Nearly the entire ride would be considered gravel with fairly smooth dirt roads, and it is totally passable on a gravel bike with 38 or 42 mm tires. However, no one has ever won the race or established a time record on a gravel bike. I believe this to be the case because over such a long distance, you just get too beat-up. I’d select at least a 2” (50 mm) tire for comfort, preferably a 2.2” (55 mm). This translates into more comfort for all contact points and joints (hands, feet, butt, shoulders, wrists, knees, back, neck, etc). Larger volume tires also enable me to rest and recover more on the descents, as I don’t have to actively control the bike as much.

The tire must be versatile for different surfaces— some tread for traction and handling, but also fast rolling on pavement. You can’t ride through mud and snow on a slick, but you also don’t want knobs that fold over in the paved hairpin turns when you descend into a town for a resupply. I also prefer a medium-weight tubeless-ready tire for durability and to avoid flats and failures. It’s never convenient to fix punctures (or any other roadside mechanicals). In a race setting, this could waste time and add frustration. It’s a big mental challenge to sacrifice sleep and endure so many other challenges – and then spend time on the side of the road dealing with a mechanical. Facing adversity is definitely part of the race, but if you can avoid problems by selecting more durable gear from the outset, this could save time and mental energy.

A few months later, Jan called and told me that they were sending me prototypes of the new bikepacking tires for testing. “What shall we call it? Do you have a favorite climb on the Tour Divide?” he asked. I didn’t have to think long: Fleecer Ridge (above) is a beautiful climb with a rough, steep descent on the route in Southern Montana. It illustrates the varied challenges that this wonderful route presents, and it’s a perfect name for the new tire.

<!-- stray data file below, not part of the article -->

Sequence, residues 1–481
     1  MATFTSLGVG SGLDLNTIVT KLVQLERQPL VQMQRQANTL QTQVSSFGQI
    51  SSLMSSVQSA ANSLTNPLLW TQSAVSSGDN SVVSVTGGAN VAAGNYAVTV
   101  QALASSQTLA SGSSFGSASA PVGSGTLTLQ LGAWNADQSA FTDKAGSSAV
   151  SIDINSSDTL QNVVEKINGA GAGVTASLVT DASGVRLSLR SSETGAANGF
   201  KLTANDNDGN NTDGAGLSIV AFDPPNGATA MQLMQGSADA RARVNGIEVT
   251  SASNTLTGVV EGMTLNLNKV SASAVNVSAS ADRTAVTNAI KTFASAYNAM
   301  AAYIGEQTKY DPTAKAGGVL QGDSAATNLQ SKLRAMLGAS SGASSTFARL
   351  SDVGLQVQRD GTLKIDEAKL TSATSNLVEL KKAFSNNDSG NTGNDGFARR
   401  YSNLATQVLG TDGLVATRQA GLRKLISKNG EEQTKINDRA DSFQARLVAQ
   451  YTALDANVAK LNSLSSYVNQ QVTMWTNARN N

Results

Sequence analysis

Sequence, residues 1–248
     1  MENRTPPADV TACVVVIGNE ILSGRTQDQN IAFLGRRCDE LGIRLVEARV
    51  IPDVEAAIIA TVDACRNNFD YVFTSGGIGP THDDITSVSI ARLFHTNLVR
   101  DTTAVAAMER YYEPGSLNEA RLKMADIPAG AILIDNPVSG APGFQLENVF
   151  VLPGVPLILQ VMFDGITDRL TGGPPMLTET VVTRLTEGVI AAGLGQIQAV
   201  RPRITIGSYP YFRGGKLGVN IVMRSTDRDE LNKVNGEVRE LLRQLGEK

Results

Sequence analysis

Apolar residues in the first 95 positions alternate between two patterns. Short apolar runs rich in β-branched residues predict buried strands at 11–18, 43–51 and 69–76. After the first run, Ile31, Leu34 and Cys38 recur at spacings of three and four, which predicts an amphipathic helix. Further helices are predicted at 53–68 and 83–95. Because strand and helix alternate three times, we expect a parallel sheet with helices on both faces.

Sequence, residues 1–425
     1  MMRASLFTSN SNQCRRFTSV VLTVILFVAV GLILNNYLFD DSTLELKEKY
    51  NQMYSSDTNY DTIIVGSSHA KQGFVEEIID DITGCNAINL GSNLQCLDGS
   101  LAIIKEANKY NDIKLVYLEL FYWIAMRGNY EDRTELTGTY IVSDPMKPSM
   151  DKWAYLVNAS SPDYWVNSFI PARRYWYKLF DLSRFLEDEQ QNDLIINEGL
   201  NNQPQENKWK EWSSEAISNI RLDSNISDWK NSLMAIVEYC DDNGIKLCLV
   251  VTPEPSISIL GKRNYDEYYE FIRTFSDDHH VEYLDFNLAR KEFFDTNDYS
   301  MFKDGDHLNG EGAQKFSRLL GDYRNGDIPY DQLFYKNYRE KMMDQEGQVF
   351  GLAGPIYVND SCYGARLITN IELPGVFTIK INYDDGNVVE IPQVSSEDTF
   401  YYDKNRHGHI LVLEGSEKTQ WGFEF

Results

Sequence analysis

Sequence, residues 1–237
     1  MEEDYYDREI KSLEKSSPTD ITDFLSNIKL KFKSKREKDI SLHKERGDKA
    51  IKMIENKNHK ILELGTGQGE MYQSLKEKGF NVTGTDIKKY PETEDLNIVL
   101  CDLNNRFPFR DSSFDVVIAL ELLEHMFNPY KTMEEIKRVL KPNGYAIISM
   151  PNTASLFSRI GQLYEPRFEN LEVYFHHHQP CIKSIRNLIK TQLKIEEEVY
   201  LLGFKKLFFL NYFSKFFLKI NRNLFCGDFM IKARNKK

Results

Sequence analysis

Now that I’ve been testing the Fleecer Ridge 29″ x 2.2″ (700 x 55 mm) tires with the Endurance casing, I found that they check all of the boxes as ideal for the Tour Divide. It rolls fast, it’s got great traction with its large, widely spaced knobs, but the round profile and clever knob arrangement also allow me to lean the bike deep into corners on pavement. It’s been 100% reliable, with no flats so far.

On that note, I would also select these tires for bikepacking expeditions on unknown terrain or other long-distance races where I expect mixed conditions, like our recent route-building project in Colombia, the Silk Road Mountain Race in Kyrgyzstan, and the Hope 1000 in Switzerland. For really rough rides, I might go for the Endurance Plus casing, and for a shorter, smoother course, I might pick the Extralight’s amazing speed. To sum it up, for the riding that I love, if I had to choose one tire, the Fleecer Ridge would be it.

Depending on conditions, I might opt for a slightly narrower rear tire to increase mud clearance. For the most part, I ride a Specialized Epic Hardtail, and the tire clearance between the chainstays with a 55 mm tire is pretty tight. Muddy conditions can halt forward progression pretty quickly. For this bike, 48 mm rear tire would probably be best. In that case, I’d be compromising a little comfort for better mud clearance. Jan, can you make a 48 mm version for me, too?

Photo credits: Rugile Kaladyte, Spencer Harding (Photo 3)